The latest genome editing technologies provide faster, simpler and cheaper methods of selectively manipulating the genome.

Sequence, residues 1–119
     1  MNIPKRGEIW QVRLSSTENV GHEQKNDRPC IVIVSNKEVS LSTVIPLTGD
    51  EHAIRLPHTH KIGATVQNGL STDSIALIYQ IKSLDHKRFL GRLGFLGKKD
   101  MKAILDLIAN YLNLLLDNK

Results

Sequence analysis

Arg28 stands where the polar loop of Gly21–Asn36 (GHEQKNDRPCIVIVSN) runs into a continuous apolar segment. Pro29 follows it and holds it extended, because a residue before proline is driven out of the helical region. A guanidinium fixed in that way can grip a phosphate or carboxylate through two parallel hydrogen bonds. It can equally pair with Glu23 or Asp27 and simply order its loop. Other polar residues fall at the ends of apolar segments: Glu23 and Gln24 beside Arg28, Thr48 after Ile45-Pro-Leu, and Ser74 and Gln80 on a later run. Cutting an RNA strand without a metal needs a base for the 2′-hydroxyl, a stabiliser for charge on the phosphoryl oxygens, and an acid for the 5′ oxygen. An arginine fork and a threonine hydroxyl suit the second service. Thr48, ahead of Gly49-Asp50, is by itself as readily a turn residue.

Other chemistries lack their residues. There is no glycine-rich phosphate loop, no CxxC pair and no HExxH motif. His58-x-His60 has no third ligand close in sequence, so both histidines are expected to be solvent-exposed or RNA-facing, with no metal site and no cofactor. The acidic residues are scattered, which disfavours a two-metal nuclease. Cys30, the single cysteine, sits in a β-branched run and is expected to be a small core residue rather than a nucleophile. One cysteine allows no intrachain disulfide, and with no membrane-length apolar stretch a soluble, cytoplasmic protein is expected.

Although genome manipulation has been possible for decades, the accessibility of these new technologies, such as CRISPR/Cas9, means that they can be used far more widely than existing technologies. Genome editing is already being used in multiple applications and has enormous potential to speed research and facilitate useful and effective applications which could be beneficial to human health. However, the full implications of these technologies are often unknown. For this reason, these technologies will challenge existing ethical and regulatory infrastructures in a number of ways: the speed of technological change threatens existing infrastructures and processes for assessing benefit and harm; the consequences of using genome editing may be uncertain; and they may have global impact. Novel forms of ethical and regulatory collaboration are required which foster and enable self-regulation rather than adopting moratoria against gene / genome editing: this is on the basis that these will stultify research which has the potential to be profoundly beneficial, and also that these will tend to be disregarded in those countries where existing regulatory infrastructure and ethical review are poor, where, paradoxically, the need for effective regulation is most acute.
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